As the train entered the siding westbound at Summit Springs for a meet with EC-2, the loco stopped on the grade crossing. The crew called the super to inform him that we had a problem. Sure enough, the loco was hung up on something. This was the first time this unit had been in service, but it had been across the entire main line and though most of the yard without any problems. So we pushed the unit past the grade crossing and the train left Summit Springs.
Shortly thereafter, the crew told me that the train had stopped in the tunnel between Summit Springs and Cedar Falls Junction. Now this was becoming infuriating! I crawled under the railroad and one of the ballast hoppers had derailed. I pulled the car off and we got the rest of the train back together. Fortunately, the train then made it to Morgantown without any additional issues.
These kinds of problems drive me nuts because they don't have to happen. With some time and effort, and a little bit of care, you can achieve almost flawless operation provided you have reasonably good equipment and track. So after the session I backed train up to Summit Springs to sort out the problems.
As the train entered the tunnel between Cedar Falls Junction and Summit Springs, the ballast car derailed again. So I pulled it off and set it aside. The train was then run back and forth several times through the same section of track without any additional issues. So it was off to the grade crossing at Summit Springs.
Sure enough, the loco got hung up again. The photo below shows the offending loco and grade crossing.
Keep in mind that we have run many different locos through this crossing over the years and none have ever had any problems. So I figured it was an issue with this loco. I removed some of the grout from between the rails and it made a small improvement, but the loco still stopped. So I took the loco back to the shop to see if it was a wheel gauge problem.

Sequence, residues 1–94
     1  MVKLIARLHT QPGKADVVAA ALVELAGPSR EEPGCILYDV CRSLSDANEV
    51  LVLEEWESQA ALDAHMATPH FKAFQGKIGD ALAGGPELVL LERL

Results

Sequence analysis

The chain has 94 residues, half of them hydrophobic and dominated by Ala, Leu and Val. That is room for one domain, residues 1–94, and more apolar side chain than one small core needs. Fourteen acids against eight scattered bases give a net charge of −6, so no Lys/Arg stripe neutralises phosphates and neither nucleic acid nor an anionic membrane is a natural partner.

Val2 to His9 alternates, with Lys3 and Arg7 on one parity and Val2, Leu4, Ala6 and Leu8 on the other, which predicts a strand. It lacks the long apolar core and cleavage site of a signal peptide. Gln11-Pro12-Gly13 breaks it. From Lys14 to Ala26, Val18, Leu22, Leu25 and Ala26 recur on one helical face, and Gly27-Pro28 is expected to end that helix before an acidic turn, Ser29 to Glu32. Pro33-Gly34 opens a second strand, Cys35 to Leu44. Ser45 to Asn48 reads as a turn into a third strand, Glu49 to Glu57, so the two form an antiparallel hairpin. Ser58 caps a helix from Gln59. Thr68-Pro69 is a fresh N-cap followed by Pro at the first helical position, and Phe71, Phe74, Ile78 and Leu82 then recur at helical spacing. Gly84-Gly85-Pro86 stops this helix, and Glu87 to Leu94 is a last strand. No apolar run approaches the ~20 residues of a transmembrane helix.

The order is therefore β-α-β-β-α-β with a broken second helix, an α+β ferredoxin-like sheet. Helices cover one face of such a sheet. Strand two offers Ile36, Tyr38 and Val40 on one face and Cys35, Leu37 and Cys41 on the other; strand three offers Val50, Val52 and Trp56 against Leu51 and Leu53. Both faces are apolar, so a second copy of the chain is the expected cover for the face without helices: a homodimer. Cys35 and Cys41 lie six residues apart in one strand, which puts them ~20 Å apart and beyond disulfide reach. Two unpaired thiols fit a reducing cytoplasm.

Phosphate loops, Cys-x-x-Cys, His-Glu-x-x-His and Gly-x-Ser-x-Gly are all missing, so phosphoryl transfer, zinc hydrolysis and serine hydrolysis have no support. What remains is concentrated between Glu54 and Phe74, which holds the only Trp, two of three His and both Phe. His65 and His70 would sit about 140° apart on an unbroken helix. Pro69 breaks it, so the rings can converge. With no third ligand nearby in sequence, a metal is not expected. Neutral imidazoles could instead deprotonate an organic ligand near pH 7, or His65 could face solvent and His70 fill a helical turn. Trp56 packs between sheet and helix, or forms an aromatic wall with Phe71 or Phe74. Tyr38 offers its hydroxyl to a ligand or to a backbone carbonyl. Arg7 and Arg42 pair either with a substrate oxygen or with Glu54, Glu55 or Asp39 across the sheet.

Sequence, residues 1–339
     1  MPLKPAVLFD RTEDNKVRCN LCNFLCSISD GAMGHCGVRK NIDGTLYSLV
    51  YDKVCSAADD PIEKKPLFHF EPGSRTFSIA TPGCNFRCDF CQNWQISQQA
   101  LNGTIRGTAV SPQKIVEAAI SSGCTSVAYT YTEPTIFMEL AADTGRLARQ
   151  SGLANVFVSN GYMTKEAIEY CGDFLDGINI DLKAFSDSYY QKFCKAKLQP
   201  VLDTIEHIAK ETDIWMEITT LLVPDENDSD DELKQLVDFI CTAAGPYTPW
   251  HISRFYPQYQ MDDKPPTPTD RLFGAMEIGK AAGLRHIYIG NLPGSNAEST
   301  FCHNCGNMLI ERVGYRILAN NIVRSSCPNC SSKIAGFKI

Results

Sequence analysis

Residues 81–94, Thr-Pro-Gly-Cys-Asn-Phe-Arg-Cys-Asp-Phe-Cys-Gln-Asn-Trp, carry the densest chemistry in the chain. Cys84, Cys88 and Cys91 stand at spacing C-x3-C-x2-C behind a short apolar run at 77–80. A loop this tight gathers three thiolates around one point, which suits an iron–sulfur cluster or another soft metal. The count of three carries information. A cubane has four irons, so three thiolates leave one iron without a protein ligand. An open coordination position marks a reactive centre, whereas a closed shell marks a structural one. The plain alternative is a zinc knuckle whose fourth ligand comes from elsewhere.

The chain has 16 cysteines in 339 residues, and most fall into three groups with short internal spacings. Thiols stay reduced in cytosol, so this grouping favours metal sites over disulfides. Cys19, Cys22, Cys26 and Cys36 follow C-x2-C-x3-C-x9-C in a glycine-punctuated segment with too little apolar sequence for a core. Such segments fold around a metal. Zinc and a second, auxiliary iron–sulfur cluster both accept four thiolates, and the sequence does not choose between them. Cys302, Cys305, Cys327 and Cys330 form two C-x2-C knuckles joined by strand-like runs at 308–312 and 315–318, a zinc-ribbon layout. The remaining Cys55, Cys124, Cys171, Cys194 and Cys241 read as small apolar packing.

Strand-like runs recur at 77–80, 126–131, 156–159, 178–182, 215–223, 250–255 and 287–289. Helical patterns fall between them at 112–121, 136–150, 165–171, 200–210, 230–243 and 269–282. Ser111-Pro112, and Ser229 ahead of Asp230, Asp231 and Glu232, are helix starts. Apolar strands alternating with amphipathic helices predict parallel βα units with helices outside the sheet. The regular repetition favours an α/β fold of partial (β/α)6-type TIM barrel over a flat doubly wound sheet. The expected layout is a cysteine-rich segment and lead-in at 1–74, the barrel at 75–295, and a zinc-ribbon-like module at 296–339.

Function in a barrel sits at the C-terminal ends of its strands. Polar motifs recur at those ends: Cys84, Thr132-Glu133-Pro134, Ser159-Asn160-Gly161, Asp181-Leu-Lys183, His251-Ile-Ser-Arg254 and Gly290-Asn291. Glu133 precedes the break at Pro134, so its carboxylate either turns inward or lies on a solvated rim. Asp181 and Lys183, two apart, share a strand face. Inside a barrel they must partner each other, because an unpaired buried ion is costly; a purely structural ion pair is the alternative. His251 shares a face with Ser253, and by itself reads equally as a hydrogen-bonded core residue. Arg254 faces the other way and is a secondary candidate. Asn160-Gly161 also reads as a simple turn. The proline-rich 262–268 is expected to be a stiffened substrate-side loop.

The photo below shows what I found after I turned the loco over. Note the bumps on the bottom cover under each axle.
This is an Athearn Genesis chassis with a Proto 2000 shell on it. I assume these bumps are to accommodate the gears on the axles. I'm fairly certain that none of the other manufacturers' units that I have on the railroad have trucks that are designed this way. In any event, these bumps decreased the ground clearance just enough to cause the unit to hang up on the grade crossing. After removing some more material from between the rails, the unit passed over it without any issues.
As for the ballast hopper, this car had traversed the railroad numerous times in the past without issue. A quick check of the trucks, however, revealed the problem- the car had code 88 wheelsets. I bought the car used and didn't notice this when I painted and lettered it. The photo below shows the difference between the code 88 wheels and the code 110's that have replaced them.
All of the track on the railroad is hand-laid and there's just enough variation in gauge that code 88 wheels will give me problems periodically. That's why I have standardized on code 110's for all rolling stock. I had this same problem with a covered hopper car that I bought used and it gave me fits until I figured out that it had code 88 wheels on it. Lesson learned. The hard way- again.
Fortunately, the problems were found quickly and the fixes are easy. I'm just disappointed that they cropped up during the session.
Here's one last shot of X-1824 holding the siding at Summit Springs. And when it proceeds west this time, it will run the way it was meant to!